Authorizing Hellenism: Early Greek Typography and the Reconstruction of Greek Identity

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This article explores early Greek type design (1490-1515) as a form of mobile identity reconstruction for Byzantine exiles living in Italy after the fall of constantinople. in examining the interplay between the technical and the cultural, i reveal how the rhetoric surrounding Greek type design, as well as the appearance of typefaces themselves, present textual and alphabetic materiality as revivifying access to a Greek past. in doing so, i approach these prefatory texts as more than repositories of evidence for the practices and procedures of early Greek print. instead, i illuminate their status as cultural and literary documents that recast Greek type design as a dynamic project of cultural reimagination.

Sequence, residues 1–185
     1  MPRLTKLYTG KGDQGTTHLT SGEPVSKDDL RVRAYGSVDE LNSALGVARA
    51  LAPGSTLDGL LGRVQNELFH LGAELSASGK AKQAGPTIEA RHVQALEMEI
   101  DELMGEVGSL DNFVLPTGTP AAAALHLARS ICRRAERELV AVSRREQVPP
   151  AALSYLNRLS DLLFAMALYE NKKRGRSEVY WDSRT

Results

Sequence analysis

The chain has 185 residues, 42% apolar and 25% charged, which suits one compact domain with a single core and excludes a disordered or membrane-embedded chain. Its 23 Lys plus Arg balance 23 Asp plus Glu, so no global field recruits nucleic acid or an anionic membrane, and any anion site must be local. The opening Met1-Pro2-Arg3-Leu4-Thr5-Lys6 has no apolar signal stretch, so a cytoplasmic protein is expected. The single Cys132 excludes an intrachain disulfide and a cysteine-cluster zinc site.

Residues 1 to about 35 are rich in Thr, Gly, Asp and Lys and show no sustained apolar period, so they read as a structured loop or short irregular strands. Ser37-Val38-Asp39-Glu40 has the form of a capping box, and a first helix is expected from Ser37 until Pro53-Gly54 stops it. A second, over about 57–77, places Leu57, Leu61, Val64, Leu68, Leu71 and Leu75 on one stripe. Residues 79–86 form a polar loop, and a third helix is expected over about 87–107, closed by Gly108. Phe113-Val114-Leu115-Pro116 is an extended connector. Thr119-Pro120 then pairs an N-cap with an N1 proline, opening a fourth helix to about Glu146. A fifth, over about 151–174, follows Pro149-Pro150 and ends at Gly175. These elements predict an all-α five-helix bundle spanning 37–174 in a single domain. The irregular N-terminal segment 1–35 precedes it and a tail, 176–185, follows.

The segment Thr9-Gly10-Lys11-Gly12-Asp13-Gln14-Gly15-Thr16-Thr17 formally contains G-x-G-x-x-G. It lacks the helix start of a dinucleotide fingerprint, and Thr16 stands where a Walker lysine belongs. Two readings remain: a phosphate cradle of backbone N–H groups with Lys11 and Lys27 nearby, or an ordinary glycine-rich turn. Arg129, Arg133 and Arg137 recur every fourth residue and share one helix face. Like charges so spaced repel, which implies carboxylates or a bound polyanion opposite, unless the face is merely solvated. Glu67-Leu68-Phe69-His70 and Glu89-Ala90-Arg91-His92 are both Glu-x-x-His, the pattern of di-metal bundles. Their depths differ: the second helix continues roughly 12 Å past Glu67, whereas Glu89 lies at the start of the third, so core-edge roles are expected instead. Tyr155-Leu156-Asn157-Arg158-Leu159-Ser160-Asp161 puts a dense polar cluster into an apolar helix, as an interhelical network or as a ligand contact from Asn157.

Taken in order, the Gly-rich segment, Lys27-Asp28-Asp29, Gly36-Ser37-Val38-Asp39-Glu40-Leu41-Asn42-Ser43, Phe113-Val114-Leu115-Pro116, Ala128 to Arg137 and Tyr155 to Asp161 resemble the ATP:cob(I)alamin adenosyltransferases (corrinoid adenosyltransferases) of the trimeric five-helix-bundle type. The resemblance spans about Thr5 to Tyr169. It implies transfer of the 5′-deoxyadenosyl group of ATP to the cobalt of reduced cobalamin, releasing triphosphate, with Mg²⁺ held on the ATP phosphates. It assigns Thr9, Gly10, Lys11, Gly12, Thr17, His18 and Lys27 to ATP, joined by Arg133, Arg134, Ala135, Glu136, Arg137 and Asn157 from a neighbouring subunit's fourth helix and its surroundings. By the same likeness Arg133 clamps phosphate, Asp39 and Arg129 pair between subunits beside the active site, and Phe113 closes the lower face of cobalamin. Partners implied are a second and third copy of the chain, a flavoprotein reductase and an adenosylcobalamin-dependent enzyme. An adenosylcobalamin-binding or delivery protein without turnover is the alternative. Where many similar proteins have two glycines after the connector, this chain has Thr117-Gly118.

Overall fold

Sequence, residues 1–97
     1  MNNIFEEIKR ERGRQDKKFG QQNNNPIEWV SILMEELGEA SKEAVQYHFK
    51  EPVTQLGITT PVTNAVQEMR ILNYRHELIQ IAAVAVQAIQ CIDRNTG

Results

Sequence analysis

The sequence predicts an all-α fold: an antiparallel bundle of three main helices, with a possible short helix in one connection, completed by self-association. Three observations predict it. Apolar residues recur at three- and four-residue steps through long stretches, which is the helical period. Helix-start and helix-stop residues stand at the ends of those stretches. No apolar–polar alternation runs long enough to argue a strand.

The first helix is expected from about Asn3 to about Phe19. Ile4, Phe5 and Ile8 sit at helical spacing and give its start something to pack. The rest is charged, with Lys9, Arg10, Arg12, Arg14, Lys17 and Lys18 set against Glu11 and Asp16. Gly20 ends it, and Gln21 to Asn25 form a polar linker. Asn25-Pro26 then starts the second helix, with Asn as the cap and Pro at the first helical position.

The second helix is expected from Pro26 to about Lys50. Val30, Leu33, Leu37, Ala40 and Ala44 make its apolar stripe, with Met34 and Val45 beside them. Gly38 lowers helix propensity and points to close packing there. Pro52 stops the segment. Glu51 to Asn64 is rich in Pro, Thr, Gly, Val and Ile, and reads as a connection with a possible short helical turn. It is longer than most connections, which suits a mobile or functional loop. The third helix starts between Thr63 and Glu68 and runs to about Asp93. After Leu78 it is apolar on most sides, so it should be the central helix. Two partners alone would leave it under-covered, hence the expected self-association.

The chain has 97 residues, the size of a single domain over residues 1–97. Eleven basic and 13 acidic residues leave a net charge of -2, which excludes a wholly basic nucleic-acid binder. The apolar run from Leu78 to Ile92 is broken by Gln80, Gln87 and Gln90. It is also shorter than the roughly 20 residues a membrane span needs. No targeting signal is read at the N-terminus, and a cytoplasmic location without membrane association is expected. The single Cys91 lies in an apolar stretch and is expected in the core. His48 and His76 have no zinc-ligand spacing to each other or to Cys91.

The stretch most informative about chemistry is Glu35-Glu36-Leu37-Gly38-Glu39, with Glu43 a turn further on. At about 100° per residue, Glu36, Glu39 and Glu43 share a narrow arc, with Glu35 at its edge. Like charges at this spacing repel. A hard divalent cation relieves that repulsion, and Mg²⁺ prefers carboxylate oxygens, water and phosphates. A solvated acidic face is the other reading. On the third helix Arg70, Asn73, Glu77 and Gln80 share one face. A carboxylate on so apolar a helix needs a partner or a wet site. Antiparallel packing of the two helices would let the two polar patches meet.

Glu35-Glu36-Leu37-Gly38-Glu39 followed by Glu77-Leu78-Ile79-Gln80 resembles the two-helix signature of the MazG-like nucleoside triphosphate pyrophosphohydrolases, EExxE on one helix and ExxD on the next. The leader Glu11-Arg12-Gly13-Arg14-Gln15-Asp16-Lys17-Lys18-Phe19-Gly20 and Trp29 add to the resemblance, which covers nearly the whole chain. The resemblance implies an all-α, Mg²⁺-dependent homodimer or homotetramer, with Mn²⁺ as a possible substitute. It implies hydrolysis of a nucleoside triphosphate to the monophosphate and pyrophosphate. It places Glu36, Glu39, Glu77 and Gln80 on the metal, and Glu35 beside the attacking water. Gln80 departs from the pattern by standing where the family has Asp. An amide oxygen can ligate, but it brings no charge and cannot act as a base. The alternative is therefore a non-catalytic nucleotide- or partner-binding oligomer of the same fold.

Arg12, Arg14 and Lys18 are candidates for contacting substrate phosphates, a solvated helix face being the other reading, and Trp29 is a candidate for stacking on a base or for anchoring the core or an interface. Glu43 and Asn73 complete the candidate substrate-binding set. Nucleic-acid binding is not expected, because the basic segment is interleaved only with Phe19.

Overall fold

Original languageEnglish
Pages (from-to)29-57
Number of pages29
JournalLias: Journal of Early Modern Intellectual Culture and its Sources
Issue number1
Publication statusPublished - 2017


  • Byzantine diaspora
  • Greek alphabet
  • Greek typography
  • Incunabular printing
  • Reception of Greek

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